Tuesday, May 3, 2016

"Human Geography: Chapter Thirteen"

May 3

Article:
San Diego goes all in, legally commits to 100 percent renewable energy by 2035 - Rick Stella
     The city of San Diego wanted to cut its carbon dioxide production and fossil fuel use down but they still require enough energy to satisfy the needs of their large population, so they are dedicating their energy to transforming the ways San Diego gets energy from fossil fuels to using wind and solar energy, then they came up with a plan which will aid in this by reducing energy consumption on public transportation, the reclamation of areas by trees and nature, as well as the reduction of wasteful water and energy use in the city.

Maps:
Here is the rest of the world.














Home Paragraph:
 

     The documentary Home, is a film about our earth, but primarily the affects of mankind on the earth, the good but mostly the bad. It attempts to display how the affects we are having on the earth could harm it down the line, and are even harming the environment right now, and it attempts to explain why this is so important. First, the documentary talks about the first and possibly one of the most impactful acts of Homo Sapiens, agriculture. This was the first major act of the anthropocene. Agriculture was our first great revolution, starting 10,000 years ago. It resulted in the first surpluses and gave rise to the first cities. Even now, half of humankind tills the soil, with 3/4 of them doing it by hand. The documentary then goes to show scenes of deforestation being done to aid in agriculture in order to make new fields and part of slash and burn cultivation. The documentary also continues by discussing oil, and how it and other fuels such as coal are important as they "freed humanity from the shackles of time", referring to their ability to allow humans to travel long distances very quickly, allowing for even faster innovation. The documentary discusses how machines now replace men, and talks about how in the US only 3 million people produce the food used to feed 300 million, although much is not used for humans but rather for livestock feed. Agriculture even accounts for 70% of humanities water consumption, be it from rivers, oceans or aquifers, which are rapidly being used up in order to aid in agriculture. The documentary then discusses how the rising uses in pesticides harms our atmosphere as it creates chemicals which are harmful to all organisms, even the humans who use it to protect their food. The documentary then discusses how biodiversity has been rapidly decreasing, especially in crops, where three quarters of all varieties which farmers had designed over thousands of years have been wiped out in favor of the most productive forms. The documentary also discusses how much energy it takes to meet the every increasing demand for meat in developed societies, and how this causes large amounts of resources to be used to make crops that will not even be fed directly to humans. There is discussion of how our society has become entirely dependent on oil, which is a nonrenewable resource, and how we are on a clock as to how much oil we can make and for how long. It also relays how 80% of humanities mineral wealth is consumed by 20% of the world's population, a proof of the inequality in human society. It also discusses how before the end of this century, excessive mining will have extracted nearly all of the world's reserves. We are depleting what nature provides. We are destroying the fish populations of the ocean, overfishing and giving them no time to reproduce. The documentary talks about how fossil water, aquifers, are used in the desert to irrigate land that would have otherwise been completely dry, but this water is not a renewable resource. One major river in ten no longer reaches the ocean at certain times of year. Water shortages could affect nearly 2 billion people before 2025. We have also drained half of the world's marshes, which usually filter water and the air due to their microorganisms and habitat. We have deforested nearly 20% of the Amazon Rainforest in 40 years, and are destroying more forest every year for land for agriculture. On the island of Borneo, nearly all forest will be destroyed in 10 years in an effort to increase output and production on the island for palm oil. The documentary still talks about how many deforest in order to survive, as 2 billion people still rely on charcoal. The documentary states that one outcome of this deforestation is soil erosion, which is caused as there is nothing to hold soil in its place, and the soil begins to break apart and become more and more similar to sand. The narrator talks about how 1 person in 6 now lives in a precarious situation without access to basic needs such as food, water, shelter, or fuel/energy. Hunger affects 1 billion people according to the narrator. The documentary discusses how we release massive amounts of carbon dioxide into the atmosphere by our activities. This causes the greenhouse effect and global warming, leading to things like how the poles have lost 40% of their thickness in 40 years. It could disappear by the summer months of 2030. By 2050 a quarter of the Earth's species could be threatened by extinction. It has also led to an increase in ocean levels as more ice caps melt and more previously frozen water is added, with low level lands such as the Maldives starting to sink. 70% of the world's population lives on the coast, and this could be a huge problem if sea levels rise and a mass migration occurs. Humanity has ten years to prevent our environment from going to an area that is unpredictable and dangerous. Despite all this, the narrator discusses that all is not bad. There is still hope in the world. 13% of all continents are natural preserves. Forests are being allowed to grow back. Many places are working on recycling. Renewable resources are being used more and more in Europe, such as the wind farms of Denmark. The documentary ends with the attitude that we must protect what is left.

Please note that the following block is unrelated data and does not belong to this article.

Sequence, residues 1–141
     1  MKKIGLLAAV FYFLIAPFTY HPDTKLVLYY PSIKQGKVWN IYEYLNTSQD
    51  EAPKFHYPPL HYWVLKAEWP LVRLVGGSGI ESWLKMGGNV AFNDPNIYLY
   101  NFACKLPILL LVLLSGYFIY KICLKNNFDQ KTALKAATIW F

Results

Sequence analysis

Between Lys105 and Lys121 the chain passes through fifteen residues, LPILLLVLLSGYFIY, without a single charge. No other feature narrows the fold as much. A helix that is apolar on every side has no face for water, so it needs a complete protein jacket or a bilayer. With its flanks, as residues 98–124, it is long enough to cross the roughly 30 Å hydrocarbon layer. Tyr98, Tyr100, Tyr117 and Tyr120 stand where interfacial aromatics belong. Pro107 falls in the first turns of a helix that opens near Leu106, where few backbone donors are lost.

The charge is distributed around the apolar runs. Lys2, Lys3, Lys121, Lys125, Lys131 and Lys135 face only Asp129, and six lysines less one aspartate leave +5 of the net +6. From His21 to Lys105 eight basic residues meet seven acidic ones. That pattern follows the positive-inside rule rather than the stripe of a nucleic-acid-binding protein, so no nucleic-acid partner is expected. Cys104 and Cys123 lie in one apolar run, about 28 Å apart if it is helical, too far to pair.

Extra Credit:

A Quest For Fire
     A few weekends ago, we watched A Quest For Fire, directed by Jean-Jacques Annaud, which details a story about a group of prehistoric Cro-Magnon hunters in their quest to find a new source of fire, as this tribe still lives in the time before humans new how to make fire, when they still had to use fires that started naturally and constantly feed them to keep going. During the movie they come across multiple tribes, from the Neanderthals to the Homo Sapiens. They come across a Homo Sapien girl, who they save from a tribe of Neanderthals, and this Homo Sapien girl eventually brings them to her tribe, who are significantly more advanced than the hunters' own tribe. They show how one can make fire using a stick and their two hands, and the Cro-Magnons eventually bring this knowledge back to their tribe, helping show how ideas like fire use spread among humans, along with other pre-historic technologies thought up during the hunter-gatherer era.

There Will Be Blood
     The film There Will Be Blood, documents the rise of Daniel Planeview as an oil tycoon in the United States. The movie as a whole can be considered a metaphor for classical geopolitics, as throughout the course of the movie Daniel uses aggressive tactics to get others to do what he wants, from craftily convincing them to straight bullying. It is a metaphor as Daniel represents a classical state, a powerful one at that, with its territorial imperative (in this case in a desire for more oil underneath the land) and he even ends up committing murder over the desire for this territorial imperative.